In Search of Babylon

The city of Babylon remains as monumental in fame and infamy as it once was in size. In the ancient world it was the greatest of all capitals, renowned for its marvels; not only the hanging gardens but also its huge city wall (89 kilometres long, according to Herodotus, and wide enough for a four-horse chariot to do a U-turn) and the gigantic stone obelisk of Queen Semiramis featured on early lists of the Seven Wonders of the World. To seal its legendary status, Alexander the Great made it briefly the centre of his empire and died there in 323 BC.

Its darker reputation it owes to the Bible. It was by the waters of the Euphrates at Babylon that the Jewish captives brought back by King Nebuchadnezzar after the sack of Jerusalem in 587 BC sat down and wept; the Tower of Babel (Babylon) was raised and tumbled there; it was in Babylon that Shadrach, Meshach and Abednego were thrown into the fiery furnace; the divine finger that appeared during Belshazzar’s Feast wrote its warning on a Babylonian wall; and above all it was the reviled, decadent city of the Book of Revelation: “Babylon the great, the mother of harlots and abominations of the earth.”

Neither fame nor infamy, however, was enough to save it. The city fell, not in a biblical cataclysm, but slowly drifting into the Mesopotamian sands as it was superseded by other cities and other civilisations after the Persian conquest of 539 BC. Its daunting buildings were mined for their inexhaustible supply of high-quality bricks that were reused in the local villages and in nearby Baghdad. The site faded from the record until archaeologists in the 19th century began to excavate it.

Babylon had never disappeared from artists’ imaginations though and the exhibition at the British Museum from 13 November will mix archaeological artefacts with paintings inspired by the city – by the likes of Dürer, Blake, John Martin and Turner – to give a sense of both the real Babylon and the Babylon of the imagination. The period covered is that of the second half of the first millennium BC, the time of the city’s pomp under Nebuchadnezzar (605-562 BC) and its subsequent decline. The aim of the exhibition is didactic and the interest of many of the exhibits lies in the story they tell rather than in their aesthetic qualities. The Babylonian Mappa Mundi, for example, is a small piece of broken clay partially covered with wedge-headed cuneiform writing and partially with an incised series of circles, lines and triangles. What this unprepossessing item actually shows is a schematic view of the city and its place in the world. Through the centre of the diagram flows the Euphrates with Babylon itself astride it. Surrounding it and within the band of the circular sea are further cities, the mountains from which the great river stems and the kingdom of Assyria. On the other side of the ocean are eight provinces while the writing describes part of the Babylonian foundation myth. Here then, on a piece of baked clay that would sit in the palm of your hand, is contained Babylon’s geographical and cosmological world.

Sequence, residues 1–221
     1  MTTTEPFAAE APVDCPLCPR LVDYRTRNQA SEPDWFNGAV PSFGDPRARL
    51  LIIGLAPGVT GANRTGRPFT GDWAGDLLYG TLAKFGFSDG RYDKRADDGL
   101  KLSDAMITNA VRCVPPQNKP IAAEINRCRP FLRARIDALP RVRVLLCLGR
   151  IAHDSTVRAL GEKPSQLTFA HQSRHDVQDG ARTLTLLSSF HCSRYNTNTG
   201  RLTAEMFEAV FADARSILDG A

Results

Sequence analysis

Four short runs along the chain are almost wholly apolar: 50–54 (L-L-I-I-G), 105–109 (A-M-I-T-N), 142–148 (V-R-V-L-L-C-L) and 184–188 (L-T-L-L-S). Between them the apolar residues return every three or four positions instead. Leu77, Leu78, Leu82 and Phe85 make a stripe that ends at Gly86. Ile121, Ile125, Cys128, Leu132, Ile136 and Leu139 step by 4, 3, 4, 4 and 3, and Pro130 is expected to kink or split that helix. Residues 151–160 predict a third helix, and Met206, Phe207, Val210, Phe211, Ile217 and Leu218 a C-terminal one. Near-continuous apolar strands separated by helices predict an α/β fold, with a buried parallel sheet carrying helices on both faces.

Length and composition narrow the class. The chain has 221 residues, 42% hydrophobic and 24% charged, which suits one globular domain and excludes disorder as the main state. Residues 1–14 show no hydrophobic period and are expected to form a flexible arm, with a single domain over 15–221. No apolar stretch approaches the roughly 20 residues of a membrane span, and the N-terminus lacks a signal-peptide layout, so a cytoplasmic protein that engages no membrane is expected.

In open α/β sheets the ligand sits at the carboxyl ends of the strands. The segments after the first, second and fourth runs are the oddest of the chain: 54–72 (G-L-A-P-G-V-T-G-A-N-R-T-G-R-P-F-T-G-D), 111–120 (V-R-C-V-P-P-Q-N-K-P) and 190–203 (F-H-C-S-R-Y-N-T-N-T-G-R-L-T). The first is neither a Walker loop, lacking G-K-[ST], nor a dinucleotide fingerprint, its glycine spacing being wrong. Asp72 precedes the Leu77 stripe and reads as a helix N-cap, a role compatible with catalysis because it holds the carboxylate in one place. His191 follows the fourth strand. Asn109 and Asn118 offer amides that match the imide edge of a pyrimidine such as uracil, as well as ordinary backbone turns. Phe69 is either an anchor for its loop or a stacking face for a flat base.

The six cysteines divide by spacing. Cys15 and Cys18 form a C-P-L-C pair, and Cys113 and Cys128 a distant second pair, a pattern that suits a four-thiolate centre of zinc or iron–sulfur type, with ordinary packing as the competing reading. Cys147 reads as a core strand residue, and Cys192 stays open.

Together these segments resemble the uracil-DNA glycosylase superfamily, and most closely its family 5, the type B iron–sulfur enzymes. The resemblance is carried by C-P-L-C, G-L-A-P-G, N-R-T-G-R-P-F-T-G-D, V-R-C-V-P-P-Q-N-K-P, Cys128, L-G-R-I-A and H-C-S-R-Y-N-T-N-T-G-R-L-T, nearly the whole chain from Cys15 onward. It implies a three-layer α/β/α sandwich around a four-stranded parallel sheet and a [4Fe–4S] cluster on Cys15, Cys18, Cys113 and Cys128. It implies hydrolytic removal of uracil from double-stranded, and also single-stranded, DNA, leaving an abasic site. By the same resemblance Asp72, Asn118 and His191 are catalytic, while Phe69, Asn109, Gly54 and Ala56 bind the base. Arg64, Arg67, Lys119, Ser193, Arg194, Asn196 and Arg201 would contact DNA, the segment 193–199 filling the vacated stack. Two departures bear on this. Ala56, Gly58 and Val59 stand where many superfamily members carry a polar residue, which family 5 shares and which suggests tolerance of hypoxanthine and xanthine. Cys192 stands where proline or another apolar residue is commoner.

Other tablets show the Aramaic alphabet translated into cuneiform and were instrumental in cracking the code of cuneiform itself; and there are seals, horoscopes and royal chronicles.

The most striking of the artefacts, however, are the glazed brick reliefs of lions and dragons that ornamented the city’s palaces and public buildings. A frieze of these magical creatures once stretched for 180 metres along Babylon’s processional way, one of the great decorative schemes of history.

Such marvels were undreamt of when Pieter Bruegel the Elder painted the first of many representations of the Tower of Babel in 1563, a picture that spawned a host of imitations; they were still decades away when John Martin drew his apocalyptic panorama The Fall of Babylon and only just coming to light when Degas painted his little-known Semiramis building Babylon. They were unknown, too, to William Blake, who in 1795 produced perhaps the most striking Babylonian image of all – showing the naked Nebuchadnezzar, haunted and mad as described in the Book of Daniel, crawling on all fours like an animal. The king, hair in a mane, is drawn in relief, coloured in blues and yellows, just like (although Blake could not know it) the lions that decorated the real king’s palace walls. In this extraordinary leap of the imagination, Blake magically linked the physical city with the myth it had become.

Across London, the remains of another legendary civilisation are on display. Byzantium 330-1453 at the Royal Academy comprises some 300 pieces and is the first major exhibition of Byzantine art here for 50 years. From its foundation by Constantine in 330 to its fall to the forces of Mehmet II in 1453 Constantinople saw itself as not just the heir of Christian Rome but a perfected version of it; art was an important part of this self-image. Nevertheless, the show describes a fractured artistic history: for all its longevity, the iconoclastic furore of 730-843 meant that the majority of its early sacred images were destroyed, while the sack of the city in 1204 at the hands of the Fourth Crusade meant that vast amounts of its wealth and artworks were dispersed, much of it to Venice. The dispersal did nevertheless protect numerous treasures from the hands of the Ottoman conquerors.

The exhibits gathered at the RA from the US, Russia, Egypt and Europe are of the highest quality. This dazzling array of icons, metalwork, wall paintings, manuscripts, ivories and perhaps most unexpectedly, textiles, goes some way to showing why the city by the Golden Horn and its empire were viewed with such awe and such covetous, destructive envy by both East and West.

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